The Gift of Tongues and Prophecy
This week’s blog post will bring an end to our spiritual gifts blog series. I hope and pray that it has encouraged you and inspired you to recognize how God has uniquely gifted you and to use that gift in serving your local church.
For the final blog post in this series, we’re covering two spiritual gifts – tongues and prophecy. These, along with a few other spiritual gifts which we are not covering in this series, are usually referred to as “The Charismatic Gifts.” The charismatic gifts, such as the gifts of tongues and prophecy, are certainly the most controversial.
Many believers get nervous when you bring these gifts into the conversation, but they are especially nervous when you bring them into the church.
Unfortunately, there is too much to fit into one blog post when it comes to these specific spiritual gifts. That said, we want to cover as much as we can as to bring a little more clarity around these unique and valuable spiritual gifts.
Let’s unpack the spiritual gift of tongues and the spiritual gift of prophecy.
Defining Different Interpretations
Before we can begin discussing these specific spiritual gifts, I think we need to lay some groundwork for our belief around the spiritual gifts as a whole. Specifically, are all of the gifts described in scripture active and useful in the church today?
“Love never ends. As for prophecies, they will pass away; as for tongues, they will cease; as for knowledge, it will pass away. For we know in part and we prophesy in part, but when the perfect comes, the partial will pass away.”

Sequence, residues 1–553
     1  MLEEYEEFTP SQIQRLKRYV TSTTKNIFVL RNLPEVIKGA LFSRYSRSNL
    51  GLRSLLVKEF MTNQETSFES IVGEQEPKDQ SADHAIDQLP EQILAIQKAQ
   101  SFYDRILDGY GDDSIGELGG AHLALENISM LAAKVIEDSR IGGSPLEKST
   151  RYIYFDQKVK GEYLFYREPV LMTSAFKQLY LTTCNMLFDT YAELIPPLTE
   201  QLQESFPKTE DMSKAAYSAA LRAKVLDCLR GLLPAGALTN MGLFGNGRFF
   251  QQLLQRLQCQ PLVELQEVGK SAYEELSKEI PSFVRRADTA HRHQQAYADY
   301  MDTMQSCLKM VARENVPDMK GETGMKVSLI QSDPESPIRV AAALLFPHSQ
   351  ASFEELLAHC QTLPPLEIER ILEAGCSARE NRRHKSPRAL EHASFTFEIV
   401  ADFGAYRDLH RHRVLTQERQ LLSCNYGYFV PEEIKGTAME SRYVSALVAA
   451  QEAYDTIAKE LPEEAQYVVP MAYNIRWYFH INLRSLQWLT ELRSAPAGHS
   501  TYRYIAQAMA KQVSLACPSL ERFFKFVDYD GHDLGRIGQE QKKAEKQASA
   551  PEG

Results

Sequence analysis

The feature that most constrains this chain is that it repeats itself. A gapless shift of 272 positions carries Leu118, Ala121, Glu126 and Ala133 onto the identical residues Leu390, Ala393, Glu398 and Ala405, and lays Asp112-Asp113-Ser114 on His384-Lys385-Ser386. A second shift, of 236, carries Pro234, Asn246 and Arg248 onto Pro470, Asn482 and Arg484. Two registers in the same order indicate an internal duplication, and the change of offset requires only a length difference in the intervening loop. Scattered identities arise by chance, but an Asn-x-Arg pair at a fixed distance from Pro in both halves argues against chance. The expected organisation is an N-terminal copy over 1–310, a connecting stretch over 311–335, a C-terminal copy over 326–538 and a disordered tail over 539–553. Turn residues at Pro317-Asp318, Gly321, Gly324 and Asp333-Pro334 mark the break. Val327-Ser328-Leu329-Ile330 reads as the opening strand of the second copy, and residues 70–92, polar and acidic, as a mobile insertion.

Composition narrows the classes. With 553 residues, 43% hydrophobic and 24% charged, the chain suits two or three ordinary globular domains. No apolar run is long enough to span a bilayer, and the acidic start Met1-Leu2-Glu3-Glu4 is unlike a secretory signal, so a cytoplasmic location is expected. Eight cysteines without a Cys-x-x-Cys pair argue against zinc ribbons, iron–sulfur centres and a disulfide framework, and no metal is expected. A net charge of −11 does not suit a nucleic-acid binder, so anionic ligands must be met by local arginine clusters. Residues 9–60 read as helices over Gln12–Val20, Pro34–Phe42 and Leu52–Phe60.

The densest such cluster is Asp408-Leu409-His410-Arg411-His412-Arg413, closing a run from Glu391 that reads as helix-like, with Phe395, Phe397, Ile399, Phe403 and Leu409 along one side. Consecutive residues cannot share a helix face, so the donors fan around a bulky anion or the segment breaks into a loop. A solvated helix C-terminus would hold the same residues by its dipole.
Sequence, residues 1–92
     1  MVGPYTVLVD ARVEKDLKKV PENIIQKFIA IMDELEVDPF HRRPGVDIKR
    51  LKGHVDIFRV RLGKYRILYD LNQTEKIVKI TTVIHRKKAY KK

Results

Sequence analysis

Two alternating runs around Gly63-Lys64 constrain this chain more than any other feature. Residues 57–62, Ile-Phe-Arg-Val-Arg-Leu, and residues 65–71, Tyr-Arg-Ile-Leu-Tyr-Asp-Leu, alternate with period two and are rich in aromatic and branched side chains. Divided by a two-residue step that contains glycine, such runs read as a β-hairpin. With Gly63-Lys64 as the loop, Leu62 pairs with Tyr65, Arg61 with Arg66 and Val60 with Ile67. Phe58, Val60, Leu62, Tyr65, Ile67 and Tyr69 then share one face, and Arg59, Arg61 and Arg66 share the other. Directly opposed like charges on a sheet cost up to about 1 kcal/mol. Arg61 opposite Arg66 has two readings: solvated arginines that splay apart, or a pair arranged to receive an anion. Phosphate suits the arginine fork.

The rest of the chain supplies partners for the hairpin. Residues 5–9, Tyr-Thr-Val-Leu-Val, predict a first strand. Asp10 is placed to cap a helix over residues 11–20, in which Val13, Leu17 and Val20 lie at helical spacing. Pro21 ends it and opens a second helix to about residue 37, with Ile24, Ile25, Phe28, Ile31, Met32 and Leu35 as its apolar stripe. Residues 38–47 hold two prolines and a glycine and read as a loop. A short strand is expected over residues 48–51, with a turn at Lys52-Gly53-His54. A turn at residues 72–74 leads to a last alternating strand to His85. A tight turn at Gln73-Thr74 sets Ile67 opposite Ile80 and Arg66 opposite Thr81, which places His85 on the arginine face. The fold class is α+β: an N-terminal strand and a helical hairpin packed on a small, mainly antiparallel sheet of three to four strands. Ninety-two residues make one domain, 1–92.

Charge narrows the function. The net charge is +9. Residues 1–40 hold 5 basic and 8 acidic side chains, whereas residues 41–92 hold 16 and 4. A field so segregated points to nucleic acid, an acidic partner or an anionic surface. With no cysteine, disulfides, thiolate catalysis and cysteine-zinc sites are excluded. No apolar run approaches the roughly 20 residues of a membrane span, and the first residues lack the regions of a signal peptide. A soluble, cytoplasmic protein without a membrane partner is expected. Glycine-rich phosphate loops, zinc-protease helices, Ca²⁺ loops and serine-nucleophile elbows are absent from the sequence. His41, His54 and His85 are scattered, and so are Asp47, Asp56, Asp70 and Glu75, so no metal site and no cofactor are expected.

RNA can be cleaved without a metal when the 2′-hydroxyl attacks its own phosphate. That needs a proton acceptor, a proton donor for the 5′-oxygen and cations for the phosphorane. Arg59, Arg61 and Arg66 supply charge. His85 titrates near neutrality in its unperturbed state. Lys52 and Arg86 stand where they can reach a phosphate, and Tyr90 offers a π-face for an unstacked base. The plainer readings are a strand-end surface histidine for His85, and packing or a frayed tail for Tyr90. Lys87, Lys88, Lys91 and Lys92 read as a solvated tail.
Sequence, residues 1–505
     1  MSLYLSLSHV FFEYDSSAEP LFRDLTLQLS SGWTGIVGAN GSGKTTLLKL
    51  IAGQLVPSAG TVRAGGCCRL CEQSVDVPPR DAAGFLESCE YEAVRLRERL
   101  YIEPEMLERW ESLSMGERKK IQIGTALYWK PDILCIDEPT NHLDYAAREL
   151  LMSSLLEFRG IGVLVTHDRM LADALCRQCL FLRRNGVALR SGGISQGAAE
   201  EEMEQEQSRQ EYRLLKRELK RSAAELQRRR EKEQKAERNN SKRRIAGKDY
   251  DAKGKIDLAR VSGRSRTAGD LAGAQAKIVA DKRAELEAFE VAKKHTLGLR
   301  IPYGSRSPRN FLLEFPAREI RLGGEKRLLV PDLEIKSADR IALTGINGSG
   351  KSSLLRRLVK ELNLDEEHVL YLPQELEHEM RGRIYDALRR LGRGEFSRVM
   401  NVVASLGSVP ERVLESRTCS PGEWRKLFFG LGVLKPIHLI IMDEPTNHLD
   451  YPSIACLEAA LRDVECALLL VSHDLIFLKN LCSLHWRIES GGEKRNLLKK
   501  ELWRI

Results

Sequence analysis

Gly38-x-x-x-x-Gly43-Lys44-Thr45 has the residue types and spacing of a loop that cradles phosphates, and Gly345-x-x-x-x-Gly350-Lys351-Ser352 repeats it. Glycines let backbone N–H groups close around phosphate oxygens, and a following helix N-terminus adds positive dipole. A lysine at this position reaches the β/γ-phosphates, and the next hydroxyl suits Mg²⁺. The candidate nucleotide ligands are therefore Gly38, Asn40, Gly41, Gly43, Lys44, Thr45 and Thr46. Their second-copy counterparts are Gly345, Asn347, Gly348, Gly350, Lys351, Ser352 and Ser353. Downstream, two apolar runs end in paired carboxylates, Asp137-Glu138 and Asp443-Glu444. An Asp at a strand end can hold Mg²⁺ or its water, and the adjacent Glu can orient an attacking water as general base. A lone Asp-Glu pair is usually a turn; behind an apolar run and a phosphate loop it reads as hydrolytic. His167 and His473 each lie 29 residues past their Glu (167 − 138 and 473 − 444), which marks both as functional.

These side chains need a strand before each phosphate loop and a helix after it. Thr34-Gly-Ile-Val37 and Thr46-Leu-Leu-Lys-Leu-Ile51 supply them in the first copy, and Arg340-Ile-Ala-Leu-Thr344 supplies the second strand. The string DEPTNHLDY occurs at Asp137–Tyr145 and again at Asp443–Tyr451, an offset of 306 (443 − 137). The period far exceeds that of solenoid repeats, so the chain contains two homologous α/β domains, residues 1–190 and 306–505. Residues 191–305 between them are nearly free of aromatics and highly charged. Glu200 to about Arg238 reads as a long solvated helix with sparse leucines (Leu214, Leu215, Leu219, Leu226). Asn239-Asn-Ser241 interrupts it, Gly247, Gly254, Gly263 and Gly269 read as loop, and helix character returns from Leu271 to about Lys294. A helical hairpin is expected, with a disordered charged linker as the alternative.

– 1 Corinthians 13:8-10
There are two primary perspectives in the church as it pertains to the gifts of the Spirit and their function in the modern church. They are typically referred to continuationism (all gifts have continued) and cessationism (certain gifts have ceased to be given/active).
According to GotQuestions, “Continuationism is the belief that all the spiritual gifts, including healings, tongues, and miracles, are still in operation today, just as they were in the days of the early church. A continuationist believes that the spiritual gifts have ‘continued’ unabated since the Day of Pentecost and that today’s church has access to all the spiritual gifts mentioned in the Bible.”
Another specific gift not mentioned in the quote above is the spiritual gift of prophecy.
In contrast, cessationists believe in the gifts of the Holy Spirit, but believe that some particular gifts, specifically the charismatic gifts, ceased at the end of the apostolic age and the canonization of scripture. In other words, when the final apostle died and the New Testament was finished, the gifts of tongues, prophecy, and healing came to an end.
Many interpretations of various scriptures have been debated over the years to answer this question. Perhaps the most common scripture that is discussed in these conversations is 1 Corinthians 13:8-12, which is right in the middle of Paul’s discourse on the gifts of the Holy Spirit to the church at Corinth.
Cessationists have the idea that the “perfect” that Paul describes here is the New Testament. That sounds fantastic, except there’s one big problem – 1 Corinthians 13:12. Has anyone seen God, face to face? Does anyone know God fully even as you have been fully known? No. This happens at the return of Jesus Christ. His return is the “perfect.” At that point, there will be no need for tongues, prophecy, or words of knowledge. They will end.